Pumpkin Center

A sign for Pumpkin Center, CA

The exit sign on the I-5 for Pumpkin Center, California, (Photo by Raymond Yu)

So, I don’t actually have a story to about why Pumpkin Center is called Pumpkin Center, but I do have some interesting, random, Pumpkin Center facts.

I was looking for information on Pumpkin Center, MO, (where Kay Barnes‘ mother was born), to continue the Missouri theme, and found that since the highway was put in there isn’t much left of that town, except for maybe a couple of buildings and a photo by the road.

However, while looking for Pumpkin Center information, I discovered that there are no less than 23 towns called Pumpkin Center in the USA. There are Pumpkin Centers in Alabama, Arizona, California, Florida, Indiana, Kentucky, Louisiana, Maryland, Mississippi, Missouri, North Carolina, Oklahoma, South Dakota, Tennessee, Virginia. Some states, such as Oklahoma, have several towns called Pumpkin Center. Also, in Colorado there’s a town called Punkin Center, Population 9.

So, if anyone knows why there are so many places called Pumpkin Center, or has a story about why any of the Pumpkin Centers is called Pumpkin Center, I would love to hear them.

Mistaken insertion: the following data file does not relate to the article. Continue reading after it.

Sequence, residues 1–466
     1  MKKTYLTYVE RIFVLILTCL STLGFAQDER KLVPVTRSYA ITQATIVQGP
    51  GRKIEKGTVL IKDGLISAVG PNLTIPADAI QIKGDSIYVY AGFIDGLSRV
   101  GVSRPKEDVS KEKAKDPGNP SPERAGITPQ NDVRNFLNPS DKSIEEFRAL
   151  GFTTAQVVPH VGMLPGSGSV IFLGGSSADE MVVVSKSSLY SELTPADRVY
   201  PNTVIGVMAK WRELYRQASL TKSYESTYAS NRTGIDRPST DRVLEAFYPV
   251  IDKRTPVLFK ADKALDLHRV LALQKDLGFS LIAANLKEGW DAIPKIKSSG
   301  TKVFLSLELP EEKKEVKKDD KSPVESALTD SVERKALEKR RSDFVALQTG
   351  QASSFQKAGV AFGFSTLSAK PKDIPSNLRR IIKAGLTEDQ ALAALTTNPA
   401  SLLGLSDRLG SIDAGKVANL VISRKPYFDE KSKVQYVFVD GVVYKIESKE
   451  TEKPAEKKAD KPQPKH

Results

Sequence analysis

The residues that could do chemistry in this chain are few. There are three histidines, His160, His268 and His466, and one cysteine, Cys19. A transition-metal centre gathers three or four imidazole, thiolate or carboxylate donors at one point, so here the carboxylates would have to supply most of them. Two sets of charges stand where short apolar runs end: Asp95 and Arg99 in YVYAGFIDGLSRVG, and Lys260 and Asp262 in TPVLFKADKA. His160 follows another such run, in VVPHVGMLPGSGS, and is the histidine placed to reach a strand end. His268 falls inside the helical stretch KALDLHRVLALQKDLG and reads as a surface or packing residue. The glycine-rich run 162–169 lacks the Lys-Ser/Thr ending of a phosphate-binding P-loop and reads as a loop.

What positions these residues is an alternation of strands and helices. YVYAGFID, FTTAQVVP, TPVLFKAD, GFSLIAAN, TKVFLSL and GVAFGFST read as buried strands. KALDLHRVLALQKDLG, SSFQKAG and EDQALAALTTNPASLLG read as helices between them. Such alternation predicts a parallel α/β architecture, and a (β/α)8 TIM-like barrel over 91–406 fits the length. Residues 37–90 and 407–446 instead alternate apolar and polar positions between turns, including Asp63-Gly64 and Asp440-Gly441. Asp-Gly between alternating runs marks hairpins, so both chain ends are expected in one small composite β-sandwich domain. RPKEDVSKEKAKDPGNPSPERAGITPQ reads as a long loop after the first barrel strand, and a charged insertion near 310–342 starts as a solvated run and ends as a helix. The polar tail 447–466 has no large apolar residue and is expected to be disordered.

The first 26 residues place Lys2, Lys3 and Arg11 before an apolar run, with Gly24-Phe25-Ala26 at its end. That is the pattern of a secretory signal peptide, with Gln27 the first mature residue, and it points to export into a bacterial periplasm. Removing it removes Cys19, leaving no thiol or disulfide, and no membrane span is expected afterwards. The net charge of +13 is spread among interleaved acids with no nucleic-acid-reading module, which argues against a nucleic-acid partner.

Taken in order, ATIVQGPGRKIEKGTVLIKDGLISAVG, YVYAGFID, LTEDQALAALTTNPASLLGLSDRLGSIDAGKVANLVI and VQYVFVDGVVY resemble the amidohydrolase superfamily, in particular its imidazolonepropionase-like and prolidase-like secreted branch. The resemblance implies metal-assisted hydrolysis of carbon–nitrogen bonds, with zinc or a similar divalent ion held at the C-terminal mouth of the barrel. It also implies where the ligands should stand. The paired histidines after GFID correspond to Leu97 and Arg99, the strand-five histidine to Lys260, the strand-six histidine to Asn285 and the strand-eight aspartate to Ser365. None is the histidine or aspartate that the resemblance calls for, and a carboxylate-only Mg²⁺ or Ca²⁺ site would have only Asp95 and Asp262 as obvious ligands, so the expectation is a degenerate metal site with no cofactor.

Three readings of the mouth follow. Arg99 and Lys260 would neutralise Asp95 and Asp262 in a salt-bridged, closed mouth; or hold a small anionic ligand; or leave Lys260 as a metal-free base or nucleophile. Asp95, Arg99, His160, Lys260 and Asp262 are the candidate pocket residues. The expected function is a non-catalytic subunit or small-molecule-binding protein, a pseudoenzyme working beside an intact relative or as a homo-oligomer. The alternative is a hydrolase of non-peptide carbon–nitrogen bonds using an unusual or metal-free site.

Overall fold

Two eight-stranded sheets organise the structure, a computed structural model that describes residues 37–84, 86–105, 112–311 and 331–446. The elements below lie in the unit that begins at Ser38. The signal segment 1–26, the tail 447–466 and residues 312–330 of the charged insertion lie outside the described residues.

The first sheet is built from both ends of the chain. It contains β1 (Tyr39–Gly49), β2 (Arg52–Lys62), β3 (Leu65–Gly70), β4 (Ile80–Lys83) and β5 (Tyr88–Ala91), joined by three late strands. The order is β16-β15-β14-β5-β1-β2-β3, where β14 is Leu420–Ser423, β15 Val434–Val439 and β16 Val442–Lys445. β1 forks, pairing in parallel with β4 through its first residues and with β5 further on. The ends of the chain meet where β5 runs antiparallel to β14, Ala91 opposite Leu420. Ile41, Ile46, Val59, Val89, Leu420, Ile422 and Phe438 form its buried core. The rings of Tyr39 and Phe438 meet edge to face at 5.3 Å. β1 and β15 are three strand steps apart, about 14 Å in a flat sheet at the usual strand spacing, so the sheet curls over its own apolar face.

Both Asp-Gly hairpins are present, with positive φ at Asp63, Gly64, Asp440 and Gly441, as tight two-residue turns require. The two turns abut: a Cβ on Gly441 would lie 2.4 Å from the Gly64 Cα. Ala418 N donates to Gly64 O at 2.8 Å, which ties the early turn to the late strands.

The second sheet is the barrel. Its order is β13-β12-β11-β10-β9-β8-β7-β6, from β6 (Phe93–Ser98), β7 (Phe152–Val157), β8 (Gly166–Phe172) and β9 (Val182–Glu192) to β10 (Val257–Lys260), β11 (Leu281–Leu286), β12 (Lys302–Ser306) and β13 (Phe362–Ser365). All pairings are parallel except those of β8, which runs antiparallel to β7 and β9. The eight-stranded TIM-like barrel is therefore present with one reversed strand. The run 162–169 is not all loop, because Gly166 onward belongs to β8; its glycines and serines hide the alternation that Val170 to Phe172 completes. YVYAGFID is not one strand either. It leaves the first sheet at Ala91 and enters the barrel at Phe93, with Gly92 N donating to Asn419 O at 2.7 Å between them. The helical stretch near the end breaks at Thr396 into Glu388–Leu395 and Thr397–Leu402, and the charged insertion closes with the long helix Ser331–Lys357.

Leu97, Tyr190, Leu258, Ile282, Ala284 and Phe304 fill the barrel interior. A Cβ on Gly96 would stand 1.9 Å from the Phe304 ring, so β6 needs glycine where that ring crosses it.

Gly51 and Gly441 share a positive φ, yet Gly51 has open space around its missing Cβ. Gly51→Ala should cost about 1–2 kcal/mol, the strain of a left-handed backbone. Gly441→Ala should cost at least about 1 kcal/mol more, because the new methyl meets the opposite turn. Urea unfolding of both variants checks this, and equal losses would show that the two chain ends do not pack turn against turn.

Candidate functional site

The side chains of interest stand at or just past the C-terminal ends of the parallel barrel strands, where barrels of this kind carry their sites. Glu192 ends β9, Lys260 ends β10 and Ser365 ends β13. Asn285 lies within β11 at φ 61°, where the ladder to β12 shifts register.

3 thoughts on “Pumpkin Center

  1. steven h

    Gee, I remember punkin center MO. My grandparents lived on a farm a few miles west of there. This would be in the 1950s and 60s. I remember the old store with a wooden screen door and the Rainbow Bread sign and there was always a fireworks stand by the parking area. Didn’t know Kay Barnes mother was from there! I still have family in nearby Barnard MO.

    Reply
    1. Ethan Dean

      My grandparents had a farm near Pumpkin Center, MO; my grandfather would take me for 1 cent candy at the gas station there. They always had the best pumpkins, gords, Fall stuff for sale. I miss those times…..what have we lost…..
      Please email me with your memories; we are all one family.
      Thanks
      Ethan
      normalethan@gmail.com

      Reply
  2. Stewart

    At least some, if not all, are probably named after the fictional town in stories by an early 20th century comedian that were recorded and sold on records. It was rather like a Lake Woebegon of the period. The recordings sometimes show up on ebay.

    Reply

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